The writers Thomas Mann and Erich Kästner took in the years between 1933 and 1945 extreme positions of inner and outer emigration, which can be shown concerning autobiographical aspects and concerning their works which they wrote during the time of national socialism. While Kästner, who represents the inner emigration, wrote humorous stories like "Drei Männer im Schnee" and "Der kleine Grenzverkehr", Mann completed his tetralogy of "Joseph und seine Brüder", which deals with the foundation and development of the monotheistic jewish world religion, in France, Switzerland and America where in 1943 he began his dark artist novel "Doktor Faustus", while in Europe internicine warfare and the Shoa were in progress. While Erich Kästner, who was a very engaged political author in the so called Weimar Republic, was captivated during the period of national socialism by his inwardness, Thomas Mann released himself from this attitude in view of the Third Reich and became an emancipated author who was politically engaged and with moral integrity.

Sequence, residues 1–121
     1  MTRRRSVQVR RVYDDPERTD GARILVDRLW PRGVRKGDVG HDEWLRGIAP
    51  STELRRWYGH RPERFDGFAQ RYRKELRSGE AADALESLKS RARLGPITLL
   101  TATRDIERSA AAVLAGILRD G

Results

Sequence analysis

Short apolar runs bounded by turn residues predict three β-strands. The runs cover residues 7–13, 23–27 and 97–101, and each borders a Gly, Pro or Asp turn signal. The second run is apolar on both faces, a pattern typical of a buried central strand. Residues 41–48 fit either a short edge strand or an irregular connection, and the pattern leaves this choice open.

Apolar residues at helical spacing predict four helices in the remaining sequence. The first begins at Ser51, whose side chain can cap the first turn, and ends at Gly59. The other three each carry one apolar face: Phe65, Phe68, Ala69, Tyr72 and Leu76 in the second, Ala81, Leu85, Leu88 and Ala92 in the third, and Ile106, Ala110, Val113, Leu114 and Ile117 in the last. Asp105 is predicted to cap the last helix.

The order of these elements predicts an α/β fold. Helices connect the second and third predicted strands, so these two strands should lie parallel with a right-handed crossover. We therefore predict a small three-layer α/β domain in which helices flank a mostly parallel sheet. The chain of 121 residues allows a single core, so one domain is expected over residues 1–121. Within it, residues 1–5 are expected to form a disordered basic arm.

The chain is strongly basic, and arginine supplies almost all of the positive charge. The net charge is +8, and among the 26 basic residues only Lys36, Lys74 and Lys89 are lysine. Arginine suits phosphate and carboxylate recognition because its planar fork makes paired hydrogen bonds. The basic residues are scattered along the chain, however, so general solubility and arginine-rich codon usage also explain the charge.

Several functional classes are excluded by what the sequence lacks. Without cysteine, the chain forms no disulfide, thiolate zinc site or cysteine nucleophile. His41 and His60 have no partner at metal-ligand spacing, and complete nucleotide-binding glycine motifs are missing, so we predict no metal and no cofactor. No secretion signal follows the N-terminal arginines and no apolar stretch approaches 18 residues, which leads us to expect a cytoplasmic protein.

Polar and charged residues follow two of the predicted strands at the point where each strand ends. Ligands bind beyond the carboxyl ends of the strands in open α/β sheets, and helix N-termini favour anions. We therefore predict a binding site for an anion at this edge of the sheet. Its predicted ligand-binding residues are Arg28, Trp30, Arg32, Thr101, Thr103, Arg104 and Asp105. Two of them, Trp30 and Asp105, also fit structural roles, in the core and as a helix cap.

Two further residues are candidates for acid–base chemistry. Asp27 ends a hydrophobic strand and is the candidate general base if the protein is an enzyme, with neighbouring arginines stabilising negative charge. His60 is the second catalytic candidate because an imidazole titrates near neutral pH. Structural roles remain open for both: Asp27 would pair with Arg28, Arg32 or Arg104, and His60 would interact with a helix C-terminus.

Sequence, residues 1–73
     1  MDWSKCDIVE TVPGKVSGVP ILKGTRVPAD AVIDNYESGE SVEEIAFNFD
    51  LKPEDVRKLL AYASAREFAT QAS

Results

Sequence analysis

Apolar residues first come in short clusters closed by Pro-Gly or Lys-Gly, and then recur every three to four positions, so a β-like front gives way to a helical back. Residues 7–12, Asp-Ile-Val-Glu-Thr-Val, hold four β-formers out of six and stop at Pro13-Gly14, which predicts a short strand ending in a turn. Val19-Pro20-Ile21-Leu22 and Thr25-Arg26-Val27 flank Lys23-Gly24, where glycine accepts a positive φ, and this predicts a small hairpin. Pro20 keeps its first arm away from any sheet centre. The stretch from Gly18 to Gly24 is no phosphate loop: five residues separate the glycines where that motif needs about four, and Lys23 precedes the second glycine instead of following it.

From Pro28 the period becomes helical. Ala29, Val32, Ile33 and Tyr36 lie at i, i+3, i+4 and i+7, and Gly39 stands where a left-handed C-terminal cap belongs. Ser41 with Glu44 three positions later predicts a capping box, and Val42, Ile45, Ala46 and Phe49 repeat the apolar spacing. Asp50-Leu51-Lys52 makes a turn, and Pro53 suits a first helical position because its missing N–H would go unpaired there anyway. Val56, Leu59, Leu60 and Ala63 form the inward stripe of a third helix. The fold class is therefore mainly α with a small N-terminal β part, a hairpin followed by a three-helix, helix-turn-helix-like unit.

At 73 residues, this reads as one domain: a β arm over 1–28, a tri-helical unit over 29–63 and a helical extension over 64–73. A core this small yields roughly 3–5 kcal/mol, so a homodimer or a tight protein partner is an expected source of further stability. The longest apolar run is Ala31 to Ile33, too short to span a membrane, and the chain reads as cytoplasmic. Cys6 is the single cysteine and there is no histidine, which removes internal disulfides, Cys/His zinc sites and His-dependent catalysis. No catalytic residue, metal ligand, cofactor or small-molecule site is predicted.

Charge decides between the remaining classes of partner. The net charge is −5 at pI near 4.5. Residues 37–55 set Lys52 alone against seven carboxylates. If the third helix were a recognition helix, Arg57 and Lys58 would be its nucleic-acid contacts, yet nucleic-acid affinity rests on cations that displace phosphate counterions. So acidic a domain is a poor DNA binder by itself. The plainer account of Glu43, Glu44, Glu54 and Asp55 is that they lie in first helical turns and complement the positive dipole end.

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Kontroverse.[author unknown] - 1990 - Die Philosophin 1 (2):77-77.

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